What would you do if you were the last man on Earth? Apparently, Will Smith would drive around in sports cars, hunting deer in the middle of Manhattan. Despite this pretty heavy premise (and somewhat weighty title), I Am Legend still has all the earmarks of a Hollywood holiday blockbuster. Fun set pieces like the aforementioned deer hunt, or golfing into the middle of the river allow Smith’s everyman charm to make it all seem like good ol’ post-apocalyptic fun. There’s some heaviness when Smith’s character (Dr. Robert Neville) flashes back to the time before a human-engineered viral cure for cancer turns on its creators by wiping out virtually the entire race. Scenes of military quarantine and families torn apart (his own included) can really jerk the tears, but it all seems to be water under the bridge as long as Smith and his German Shepherd buddy get to pal around the nature-reclaimed ruins of NYC. However, this movie is reminiscent not only of Tom Hanks’s Castaway but also of Cillian Murphy’s 28 Days Later (or maybe Milla Jovovich’s Resident Evil — take your pick) when the mutants show up. So what begins as a story about solitude becomes more of a fight to keep the monsters at bay.
With Smith as leading man, it’s no surprise that the movie would turn this way. Even not having read the original Richard Matheson story nor watched its various cinematic incarnations (including Charlton Heston’s Omega Man), I did not expect a cerebral, philosophical, or introspective movie. It is a good thing, however, that the one man who had an immunity to the virus was not only the doctor tasked with seeking the cure, but also an army colonel — all your post-outbreak roles have been combined into one easy package. Smith is fine as always being serious/funny/emotional/heroic but he still can’t really pull off brainy, so he was not super-convincing as the one we’d all depend on to find the cure (maybe that’s why they didn’t find one). Nevertheless, he’s relatable, and in this case there’s pretty much no one else we can root for (Go mutants! — as if), so he’d better be.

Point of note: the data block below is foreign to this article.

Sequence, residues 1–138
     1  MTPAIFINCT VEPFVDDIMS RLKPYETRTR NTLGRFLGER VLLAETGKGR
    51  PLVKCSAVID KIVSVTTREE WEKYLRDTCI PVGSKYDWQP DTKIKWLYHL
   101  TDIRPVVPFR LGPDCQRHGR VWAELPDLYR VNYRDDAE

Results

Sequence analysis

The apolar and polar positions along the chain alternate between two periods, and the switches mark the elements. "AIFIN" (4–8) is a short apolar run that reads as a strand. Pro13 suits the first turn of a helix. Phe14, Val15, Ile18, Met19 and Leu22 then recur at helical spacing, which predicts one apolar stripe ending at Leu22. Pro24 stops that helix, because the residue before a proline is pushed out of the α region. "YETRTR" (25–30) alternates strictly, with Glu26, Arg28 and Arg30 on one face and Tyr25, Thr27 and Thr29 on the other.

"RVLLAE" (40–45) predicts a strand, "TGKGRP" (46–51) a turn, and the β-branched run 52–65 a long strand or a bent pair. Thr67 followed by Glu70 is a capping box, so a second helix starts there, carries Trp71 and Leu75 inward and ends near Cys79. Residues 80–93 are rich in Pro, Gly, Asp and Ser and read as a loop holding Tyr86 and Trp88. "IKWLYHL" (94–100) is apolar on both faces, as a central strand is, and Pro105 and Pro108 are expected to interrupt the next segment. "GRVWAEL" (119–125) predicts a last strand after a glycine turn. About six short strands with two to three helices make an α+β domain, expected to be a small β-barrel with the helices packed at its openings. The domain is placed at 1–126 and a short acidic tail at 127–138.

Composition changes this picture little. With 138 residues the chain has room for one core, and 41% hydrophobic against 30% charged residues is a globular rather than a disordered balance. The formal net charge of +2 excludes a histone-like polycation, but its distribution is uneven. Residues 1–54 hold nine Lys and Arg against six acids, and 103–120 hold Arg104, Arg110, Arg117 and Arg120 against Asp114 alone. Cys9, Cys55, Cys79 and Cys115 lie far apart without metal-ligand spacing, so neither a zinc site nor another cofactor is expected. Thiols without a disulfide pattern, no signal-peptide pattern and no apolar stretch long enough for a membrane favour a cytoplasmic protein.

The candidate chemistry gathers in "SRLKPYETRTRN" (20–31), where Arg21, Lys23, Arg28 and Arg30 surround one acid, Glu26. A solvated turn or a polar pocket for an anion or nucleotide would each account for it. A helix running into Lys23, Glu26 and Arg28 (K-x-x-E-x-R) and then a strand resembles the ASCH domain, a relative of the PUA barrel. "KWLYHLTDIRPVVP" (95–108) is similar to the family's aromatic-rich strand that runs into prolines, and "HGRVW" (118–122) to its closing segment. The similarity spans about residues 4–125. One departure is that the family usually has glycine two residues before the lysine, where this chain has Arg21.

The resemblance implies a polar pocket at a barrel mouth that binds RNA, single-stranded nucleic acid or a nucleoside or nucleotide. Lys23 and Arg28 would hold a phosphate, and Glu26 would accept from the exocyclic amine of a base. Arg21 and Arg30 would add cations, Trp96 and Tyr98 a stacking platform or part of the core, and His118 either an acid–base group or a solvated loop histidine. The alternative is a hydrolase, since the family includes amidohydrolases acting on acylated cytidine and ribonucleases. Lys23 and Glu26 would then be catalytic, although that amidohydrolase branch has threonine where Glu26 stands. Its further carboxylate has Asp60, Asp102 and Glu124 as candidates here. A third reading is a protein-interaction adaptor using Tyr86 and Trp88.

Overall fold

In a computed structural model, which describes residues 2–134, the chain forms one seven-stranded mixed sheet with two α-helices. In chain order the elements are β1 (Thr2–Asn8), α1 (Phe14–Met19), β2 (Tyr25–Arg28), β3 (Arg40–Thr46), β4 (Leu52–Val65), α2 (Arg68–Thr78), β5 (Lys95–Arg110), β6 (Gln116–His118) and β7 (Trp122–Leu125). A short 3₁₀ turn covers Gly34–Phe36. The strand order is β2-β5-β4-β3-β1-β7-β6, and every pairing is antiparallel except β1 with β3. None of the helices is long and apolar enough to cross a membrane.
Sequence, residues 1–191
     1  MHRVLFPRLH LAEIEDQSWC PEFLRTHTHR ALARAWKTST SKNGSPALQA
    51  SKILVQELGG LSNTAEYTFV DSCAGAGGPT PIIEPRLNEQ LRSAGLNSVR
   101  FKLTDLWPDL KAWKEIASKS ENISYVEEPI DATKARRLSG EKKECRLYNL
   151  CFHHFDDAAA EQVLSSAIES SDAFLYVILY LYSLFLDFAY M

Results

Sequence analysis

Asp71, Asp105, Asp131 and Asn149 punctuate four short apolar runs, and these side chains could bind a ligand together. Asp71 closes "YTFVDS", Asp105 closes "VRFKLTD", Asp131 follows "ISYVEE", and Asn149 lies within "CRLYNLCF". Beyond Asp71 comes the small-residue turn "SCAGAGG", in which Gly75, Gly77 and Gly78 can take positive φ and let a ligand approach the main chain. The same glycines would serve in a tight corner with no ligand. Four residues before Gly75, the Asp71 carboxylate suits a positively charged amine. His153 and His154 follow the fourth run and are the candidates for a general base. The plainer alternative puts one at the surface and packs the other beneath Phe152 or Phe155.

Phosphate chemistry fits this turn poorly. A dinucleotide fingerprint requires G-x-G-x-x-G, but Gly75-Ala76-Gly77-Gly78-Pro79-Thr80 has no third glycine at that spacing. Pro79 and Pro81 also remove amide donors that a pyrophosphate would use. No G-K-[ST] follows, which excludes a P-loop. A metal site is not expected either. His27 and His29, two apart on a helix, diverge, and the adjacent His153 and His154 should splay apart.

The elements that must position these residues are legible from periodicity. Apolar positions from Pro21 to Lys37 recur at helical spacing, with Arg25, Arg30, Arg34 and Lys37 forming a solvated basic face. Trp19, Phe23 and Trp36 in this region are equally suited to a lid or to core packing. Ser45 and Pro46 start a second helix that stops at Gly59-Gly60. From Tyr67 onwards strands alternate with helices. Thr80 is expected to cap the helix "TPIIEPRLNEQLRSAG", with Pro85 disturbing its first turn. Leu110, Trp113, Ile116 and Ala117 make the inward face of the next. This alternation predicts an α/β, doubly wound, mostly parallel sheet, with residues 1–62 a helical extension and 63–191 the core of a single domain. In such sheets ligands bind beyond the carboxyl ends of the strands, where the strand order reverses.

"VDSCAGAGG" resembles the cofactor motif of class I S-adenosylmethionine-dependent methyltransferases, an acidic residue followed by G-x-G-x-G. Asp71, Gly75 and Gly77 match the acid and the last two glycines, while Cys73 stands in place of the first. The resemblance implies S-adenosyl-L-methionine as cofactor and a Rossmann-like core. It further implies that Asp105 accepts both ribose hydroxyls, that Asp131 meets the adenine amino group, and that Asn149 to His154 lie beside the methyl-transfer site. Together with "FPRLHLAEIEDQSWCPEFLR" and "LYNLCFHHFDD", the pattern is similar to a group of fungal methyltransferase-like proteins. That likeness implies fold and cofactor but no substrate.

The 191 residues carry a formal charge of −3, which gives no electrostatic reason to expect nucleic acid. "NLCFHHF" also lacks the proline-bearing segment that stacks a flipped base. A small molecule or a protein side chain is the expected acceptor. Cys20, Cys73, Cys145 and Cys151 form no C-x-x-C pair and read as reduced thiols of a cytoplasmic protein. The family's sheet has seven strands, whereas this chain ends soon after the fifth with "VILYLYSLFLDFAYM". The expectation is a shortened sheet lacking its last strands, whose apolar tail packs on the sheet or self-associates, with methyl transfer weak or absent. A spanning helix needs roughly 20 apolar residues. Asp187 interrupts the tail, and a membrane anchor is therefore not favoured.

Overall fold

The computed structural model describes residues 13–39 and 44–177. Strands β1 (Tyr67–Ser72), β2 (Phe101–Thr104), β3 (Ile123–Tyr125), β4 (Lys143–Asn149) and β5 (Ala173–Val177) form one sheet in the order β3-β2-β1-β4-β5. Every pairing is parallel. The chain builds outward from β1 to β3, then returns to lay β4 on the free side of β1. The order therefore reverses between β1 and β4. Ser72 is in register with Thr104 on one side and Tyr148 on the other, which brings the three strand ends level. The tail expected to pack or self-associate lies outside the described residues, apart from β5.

The pacing of the movie was kind of a problem, though. Not only was the ending very abrupt (don’t worry, I won’t spoil it) but the early scenes with Smith and his dog going through their routine were pretty languid and relaxed. However, once some non-routine events occur half-way into the movie, the pace really changes and things happen too quickly. What compensated that to me was the visual (I know, here I go again about the visuals) aspects. I saw this one in IMAX as well and it really added to the feeling of being there. I felt like I was in this grassy over-grown city with Smith. When the camera pans out to show how far the ruins of New York go (pretty far) it’s a really impressive image of decay — like a giant’s corpse. Also, I was impressed again with the realism of the CGI (computer-generated imagery). There are a few scenes where the dog has to fight with mutants and mutant dogs. I wasn’t sure where the real animal ended and the animation began (but seeing as there’s no such thing as mutant dogs, it must have been somewhere). All this came together as a well-drawn-out backdrop to this story. I just wish the story could have been a bit more complex and interestingly told. There were no real surprises (except the occasional cheap shock when something jumps out from off-camera), Even the “playing God is bad” message is so hackneyed that it hardly resonates. (3.5 out of 5)
What if I had made I Am Legend?
I think I would have made it a lot more about Robert Neville’s challenges and struggles to survive while still trying to find a cure. In the day (when the mutants stay home) it’s pretty easy for him. He doesn’t really need to find food or supplies. Everything’s all stocked up in his home. He needs some motivation for overcoming whatever obstacles come up, otherwise I don’t know why he does what he does. I mean, one of the turning-point scenes occurs because the dog runs away and he has to chase after it — come on! Also, there’s sort of an element of growing intelligence in the otherwise animalistic mutants. I think they should have explored that a bit more (otherwise it seems like a kind of forced plot point just to cause Neville problems rather than something logically thought out). Finally, I would have used more voiceover narration rather than Smith actually talking. It seems a bit too comical to have him talk to the dog all the time.